Bronchoscopy may be used in asthmatic cats to evaluate airway structure and collect bronchoalveolar lavage fluid (BALF) for cytology, culture and susceptibility testing, and Mycoplasma spp PCR testing. Alternatively, blind bronchoalveolar lavage may also be performed in cats that show diffuse radiographic changes. Clinicians should be cautious when interpreting BALF culture and Mycoplasma spp PCR results in combination with BALF cytology results, as airways (especially the trachea) are not sterile and the presence of bacteria or Mycoplasma spp does not equate to active infection.6

Bronchoscopy findings are often nonspecific in asthmatic patients and may include excessive mucus accumulation, airway hyperemia, and/or epithelial irregularities.1 Eosinophilic airway inflammation is characteristic of but not specific to asthma (Figure 2), as parasitic disease commonly results in airway eosinophilia. Historically, eosinophilic airway inflammation has been defined as >17% eosinophils present in BALF; however, recent evidence suggests that >5% eosinophils is considered abnormal in feline BALF.7,8 Clinicians should evaluate BALF eosinophil percentage in light of clinical signs and concurrent conditions associated with eosinophilia (eg, allergic skin disease). Most asthmatic cats typically have significant BALF eosinophilia; some can have lower eosinophil and higher neutrophil numbers, particularly in chronic asthma cases. A heartworm antigen and antibody test, fecal flotation, and Baermann test should be performed in all cases. In addition, the author commonly institutes empiric antiparasitic treatment, even if results are negative.

BALF cytology from a cat demonstrating a predominance of eosinophils (arrows), which is characteristic of feline asthma. Image courtesy of Dr. Susan Fielder, Oklahoma State University
BALF cytology from a cat demonstrating a predominance of eosinophils (arrows), which is characteristic of feline asthma. Image courtesy of Dr. Susan Fielder, Oklahoma State University

FIGURE 2 BALF cytology from a cat demonstrating a predominance of eosinophils (arrows), which is characteristic of feline asthma. Image courtesy of Dr. Susan Fielder, Oklahoma State University

FIGURE 2 BALF cytology from a cat demonstrating a predominance of eosinophils (arrows), which is characteristic of feline asthma. Image courtesy of Dr. Susan Fielder, Oklahoma State University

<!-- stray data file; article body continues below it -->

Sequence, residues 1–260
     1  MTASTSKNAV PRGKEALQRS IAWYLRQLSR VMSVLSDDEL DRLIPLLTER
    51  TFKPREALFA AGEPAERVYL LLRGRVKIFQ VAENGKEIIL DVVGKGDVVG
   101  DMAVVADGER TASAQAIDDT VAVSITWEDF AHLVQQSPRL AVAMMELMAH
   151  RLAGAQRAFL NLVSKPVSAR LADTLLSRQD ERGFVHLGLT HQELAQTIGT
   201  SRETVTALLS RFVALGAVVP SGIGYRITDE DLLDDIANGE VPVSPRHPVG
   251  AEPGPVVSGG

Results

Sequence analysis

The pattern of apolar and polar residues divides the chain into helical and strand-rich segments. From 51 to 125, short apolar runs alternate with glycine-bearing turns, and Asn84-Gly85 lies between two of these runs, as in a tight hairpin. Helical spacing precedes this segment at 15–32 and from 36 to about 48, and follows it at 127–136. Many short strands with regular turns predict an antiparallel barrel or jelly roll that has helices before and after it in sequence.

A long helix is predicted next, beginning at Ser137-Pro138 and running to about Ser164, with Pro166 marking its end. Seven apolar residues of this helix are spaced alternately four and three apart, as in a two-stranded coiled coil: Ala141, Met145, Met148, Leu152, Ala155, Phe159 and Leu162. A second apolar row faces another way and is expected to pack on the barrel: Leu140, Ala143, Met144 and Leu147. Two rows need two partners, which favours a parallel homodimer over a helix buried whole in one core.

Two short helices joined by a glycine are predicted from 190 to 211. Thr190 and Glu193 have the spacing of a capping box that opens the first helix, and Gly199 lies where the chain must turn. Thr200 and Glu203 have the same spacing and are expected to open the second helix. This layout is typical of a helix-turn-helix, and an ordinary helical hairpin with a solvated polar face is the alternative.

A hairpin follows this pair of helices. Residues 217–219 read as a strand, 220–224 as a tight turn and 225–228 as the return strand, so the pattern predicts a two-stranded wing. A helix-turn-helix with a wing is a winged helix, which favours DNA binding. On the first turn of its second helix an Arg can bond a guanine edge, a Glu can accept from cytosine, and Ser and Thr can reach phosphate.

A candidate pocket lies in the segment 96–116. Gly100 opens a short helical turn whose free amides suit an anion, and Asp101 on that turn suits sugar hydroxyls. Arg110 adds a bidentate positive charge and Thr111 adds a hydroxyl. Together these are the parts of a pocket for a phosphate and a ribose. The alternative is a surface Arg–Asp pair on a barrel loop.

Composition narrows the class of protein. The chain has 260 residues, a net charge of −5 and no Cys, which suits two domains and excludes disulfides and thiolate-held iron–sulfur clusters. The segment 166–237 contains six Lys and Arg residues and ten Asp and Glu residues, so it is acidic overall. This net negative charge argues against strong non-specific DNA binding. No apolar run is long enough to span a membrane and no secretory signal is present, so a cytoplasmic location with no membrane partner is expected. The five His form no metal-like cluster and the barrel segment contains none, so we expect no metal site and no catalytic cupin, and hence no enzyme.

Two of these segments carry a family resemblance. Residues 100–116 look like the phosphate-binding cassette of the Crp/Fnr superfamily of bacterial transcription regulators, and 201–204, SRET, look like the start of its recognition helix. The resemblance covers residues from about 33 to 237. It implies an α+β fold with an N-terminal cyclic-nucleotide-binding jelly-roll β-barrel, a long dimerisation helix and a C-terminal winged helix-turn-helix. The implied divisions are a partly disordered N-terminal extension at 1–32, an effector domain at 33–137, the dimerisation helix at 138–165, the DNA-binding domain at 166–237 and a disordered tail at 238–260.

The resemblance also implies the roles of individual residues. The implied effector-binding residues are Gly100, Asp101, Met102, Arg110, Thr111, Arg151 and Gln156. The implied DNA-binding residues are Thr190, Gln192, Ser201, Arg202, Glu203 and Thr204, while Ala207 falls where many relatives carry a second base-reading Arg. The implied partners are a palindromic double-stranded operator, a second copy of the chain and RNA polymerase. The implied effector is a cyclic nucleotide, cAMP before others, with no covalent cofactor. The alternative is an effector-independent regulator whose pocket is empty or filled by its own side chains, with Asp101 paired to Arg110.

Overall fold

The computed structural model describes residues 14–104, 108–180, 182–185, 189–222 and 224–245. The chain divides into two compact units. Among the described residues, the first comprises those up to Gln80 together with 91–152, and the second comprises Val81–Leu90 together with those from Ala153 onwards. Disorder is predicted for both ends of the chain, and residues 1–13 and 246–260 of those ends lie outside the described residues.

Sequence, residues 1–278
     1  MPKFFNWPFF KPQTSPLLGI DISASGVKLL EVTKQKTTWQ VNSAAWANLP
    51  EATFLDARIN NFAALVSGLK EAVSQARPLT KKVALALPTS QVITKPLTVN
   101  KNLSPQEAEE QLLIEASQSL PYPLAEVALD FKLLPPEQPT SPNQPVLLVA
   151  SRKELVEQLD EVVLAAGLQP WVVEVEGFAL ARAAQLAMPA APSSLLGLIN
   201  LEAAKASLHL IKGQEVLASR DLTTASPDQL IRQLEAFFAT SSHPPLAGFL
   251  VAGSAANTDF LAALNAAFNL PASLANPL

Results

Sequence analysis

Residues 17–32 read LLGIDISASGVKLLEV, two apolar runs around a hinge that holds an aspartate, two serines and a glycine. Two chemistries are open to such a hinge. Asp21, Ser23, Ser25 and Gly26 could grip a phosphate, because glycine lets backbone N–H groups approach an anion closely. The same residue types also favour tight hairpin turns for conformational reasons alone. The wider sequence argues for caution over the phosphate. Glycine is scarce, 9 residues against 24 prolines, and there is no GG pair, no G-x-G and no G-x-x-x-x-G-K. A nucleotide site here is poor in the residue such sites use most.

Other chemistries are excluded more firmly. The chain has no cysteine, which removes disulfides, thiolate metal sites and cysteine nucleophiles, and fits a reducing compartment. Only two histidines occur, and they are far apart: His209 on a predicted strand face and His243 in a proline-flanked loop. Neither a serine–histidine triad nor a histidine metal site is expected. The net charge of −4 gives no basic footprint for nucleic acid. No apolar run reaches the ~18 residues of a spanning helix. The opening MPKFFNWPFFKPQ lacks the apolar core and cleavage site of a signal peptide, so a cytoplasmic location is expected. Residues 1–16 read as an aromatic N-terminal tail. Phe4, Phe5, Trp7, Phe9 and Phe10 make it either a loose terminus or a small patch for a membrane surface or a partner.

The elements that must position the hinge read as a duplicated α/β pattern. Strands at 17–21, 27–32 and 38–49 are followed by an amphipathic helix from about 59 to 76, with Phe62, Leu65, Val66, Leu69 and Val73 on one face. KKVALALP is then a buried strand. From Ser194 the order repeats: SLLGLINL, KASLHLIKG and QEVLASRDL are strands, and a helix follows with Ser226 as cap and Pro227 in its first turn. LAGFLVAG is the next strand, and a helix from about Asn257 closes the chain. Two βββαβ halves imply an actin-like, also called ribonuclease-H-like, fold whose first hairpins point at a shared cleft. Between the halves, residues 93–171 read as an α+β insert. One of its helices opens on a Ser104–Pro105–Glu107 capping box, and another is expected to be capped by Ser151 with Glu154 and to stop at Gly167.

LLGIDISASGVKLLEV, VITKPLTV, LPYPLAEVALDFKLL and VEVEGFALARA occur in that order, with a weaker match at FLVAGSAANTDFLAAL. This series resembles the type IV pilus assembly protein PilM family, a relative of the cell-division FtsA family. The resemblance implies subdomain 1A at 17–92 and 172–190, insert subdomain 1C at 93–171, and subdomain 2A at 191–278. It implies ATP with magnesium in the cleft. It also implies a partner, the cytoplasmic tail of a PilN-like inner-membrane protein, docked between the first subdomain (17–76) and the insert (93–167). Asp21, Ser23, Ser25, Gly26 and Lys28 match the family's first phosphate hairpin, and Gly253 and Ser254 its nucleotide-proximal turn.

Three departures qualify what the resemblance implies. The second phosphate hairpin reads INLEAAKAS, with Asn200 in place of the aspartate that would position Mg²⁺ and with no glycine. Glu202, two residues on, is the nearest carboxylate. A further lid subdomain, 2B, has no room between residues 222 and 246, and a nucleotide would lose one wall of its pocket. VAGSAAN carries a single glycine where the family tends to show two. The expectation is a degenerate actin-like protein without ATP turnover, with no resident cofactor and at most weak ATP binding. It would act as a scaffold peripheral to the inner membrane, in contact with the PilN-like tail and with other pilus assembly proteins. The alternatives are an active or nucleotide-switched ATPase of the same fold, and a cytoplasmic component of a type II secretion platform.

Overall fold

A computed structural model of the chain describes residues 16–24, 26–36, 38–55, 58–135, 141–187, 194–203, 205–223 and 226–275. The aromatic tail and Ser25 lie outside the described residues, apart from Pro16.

Treatment & Management

Management of feline asthma consists of both acute and chronic treatment strategies. Clinicians and owners should understand that asthma is not a condition that can be cured; lifelong environmental and medical management are necessary.

Cats presented in status asthmaticus require acute management consisting of supplemental oxygen, stress reduction and minimal handling, and bronchodilator therapy (eg, inhaled albuterol [via metered dose inhaler], injectable terbutaline). In the author’s clinical experience, injectable terbutaline is preferred over inhaled albuterol in the emergency setting, as cats in respiratory distress typically may not inspire deeply enough to appropriately deliver inhaled medication to the lower airways. Identifying an expiratory respiratory pattern can be suggestive of bronchoconstriction and may lead the clinician to implement early intervention with bronchodilator therapy. Expiratory respiratory patterns are characterized by an abdominal push during exhalation. If an obvious expiratory pattern is not identified, evaluation for other causes of respiratory distress (eg, pleural effusion, congestive heart failure) should be performed prior to empiric treatment with a bronchodilator. Clinicians should evaluate patients for a heart murmur or gallop rhythm and perform cage-side thoracic ultrasonography to assess for pleural effusion and/or pulmonary edema (eg, presence of B lines). If other causes of respiratory distress are not evident on initial evaluation, intervention with a bronchodilator for possible asthma may be warranted.

Management of chronic feline asthma is aimed at reducing airway inflammation and preventing or reducing airflow-limiting bronchoconstriction.1 Reduced inflammation is best achieved by minimizing exposure to aeroallergens and environmental irritants (eg, aerosols, dust) and administration of oral glucocorticoids (eg, prednisolone). Minimizing environmental allergens is best achieved by reducing exposure to known allergens (eg, eliminating outdoor access), cleaning bedding and other surfaces in the household frequented by the cat, and using an air filter to improve air quality. Oral glucocorticoid (prednisolone) therapy should be initiated at a dose of 1-2 mg/kg/day. The dose may be tapered by 25% to 50% every 2 to 4 weeks depending on clinical response. The goal is to taper steroids to the lowest effective dose.